Research Communications

Student Expo participants reflect on value of experience 

Registration for 2013 event closes Sunday, Feb. 24

By Jessica Salerno
Feb. 13, 2013

Ohio University’s Student Research and Creative Activity Expo isn’t just a presentation of undergraduate and graduate students’ most exciting work. It’s also a place where participants can improve their projects. Anna Grossman was a senior theater major when she participated in the expo last spring and presented her senior thesis “The Audience and the Performer” to the judges.

“It gave me a chance to take a step back from my work and examine, in the simplest terms, what my goal was and how successful my project was at reaching those goals,” she says.

Each spring, hundreds of Ohio University students present their research, scholarship and creative work at the expo, which will be held at the Convocation Center on April 11 this year. Students can choose to have their work evaluated by a panel of judges, and may win up to $200 in prizes. Students can register for the event through Sunday, Feb. 24 at

Hundreds of students present at the expo each spring. (Photo: University Communications and Marketing)

Grossman describes her thesis as “part theatrical production in a bar and part 70-some page theoretical essay.” She says blending the two different parts together proved frustrating at times, especially as she wrote her final draft.

“The presentational nature of the expo served as a middle ground where I could return to performance and use the visual aspect of the expo to reexamine my ideas,” she says.

Grossman now interns at the Wooster group, a theater company in New York. She says her presentation experience has allowed her to summarize her thesis work in a way that accurately describes her as an artist.

Her favorite part of the event was seeing other students’ work.

“The expo at Ohio University is probably one of the few places where the entire university comes together so completely,” she says.  

Second time around

Not all of those who present at the student expo are first-timers. Dyah Arin Hening has presented twice, in 2012 and 2009. When she participated in the first event, she was finishing up her master’s program in industrial and systems engineering. Hening decided to sign up for the expo upon the advice of her advisor, as she thought that the event would give her practice with presenting her work.

“Another benefit that I get out of the expo is the connection, not only with peer students, but also with faculty,” she says.  

In 2012, as a third-year mechanical and systems engineering doctoral student, Hening returned to the expo to present “Industrial Engineering as a Study Case for Engineering Leadership in the US and Indonesia.”

Participating in the event more than once has given her confidence in her poster presentation skills. Another advantage of the expo is meeting peers from different departments and learning new ideas from different areas of research, which Hening says was a lot of fun and has helped her prepare for future research endeavors.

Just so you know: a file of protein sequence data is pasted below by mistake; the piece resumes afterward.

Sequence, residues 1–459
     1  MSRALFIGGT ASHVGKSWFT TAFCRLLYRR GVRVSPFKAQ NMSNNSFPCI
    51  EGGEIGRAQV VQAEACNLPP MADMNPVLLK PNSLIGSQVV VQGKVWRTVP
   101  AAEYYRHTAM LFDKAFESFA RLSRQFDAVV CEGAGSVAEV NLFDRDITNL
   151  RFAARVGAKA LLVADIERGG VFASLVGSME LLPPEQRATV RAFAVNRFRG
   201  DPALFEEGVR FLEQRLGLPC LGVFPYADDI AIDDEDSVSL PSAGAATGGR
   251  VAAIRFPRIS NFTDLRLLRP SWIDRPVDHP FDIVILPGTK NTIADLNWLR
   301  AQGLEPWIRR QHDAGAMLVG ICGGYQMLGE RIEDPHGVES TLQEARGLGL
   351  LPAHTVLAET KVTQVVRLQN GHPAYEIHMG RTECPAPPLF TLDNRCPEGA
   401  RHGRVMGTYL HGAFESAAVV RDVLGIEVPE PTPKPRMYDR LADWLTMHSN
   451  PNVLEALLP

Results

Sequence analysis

“The integration (of disciplines) will help to close the gap between fields and hopefully will be able to help provide more comprehensive perspectives for the graduates in facing real-world situations,” she says. 

Dyah Arin Hening enjoys making new connections to her work at the expo. (Provided photo.)

Art and culture

For Brittni Barranco, a painting and drawing major, the expo presented an opportunity to share an outside culture with the university and Athens community. She showcased three paintings that portrayed indigenous dance forms from African, Mayan and Native American cultures. She focuses on how the relationship between art and dance can serve as a visual form of information and analyzes the moving body’s positions through figure drawing.

“I wanted to bring back my multi-ethnic experience and continue to re-live it and assist others to also do so through my paintings,” says Barranco. “I was able to take the role of a visual storyteller and capture the expressive gestures of the dancing body in the context of their culture.”

Barranco presented “The Ethnography of Art” at the expo last year after receiving the Dean’s Undergraduate Creative Research Award for her research in Ontario, Canada. She describes the experience as a “major stepping-stone” in her career and exploring folklore in the visual arts.  

She says her experience with the expo improved her confidence and motivation to continue to pursue folklore and mythology through cross-interdisciplinary works. Barranco graduated in December and plans to pursue a MFA in painting or illustration this fall.

Brittni Barranco displayed "Feather Rain Meditation" as part of her expo presentation (Provided photo).

For more information about this year’s Student Expo, visit or contact Liz Pahl at or (740) 593-0374.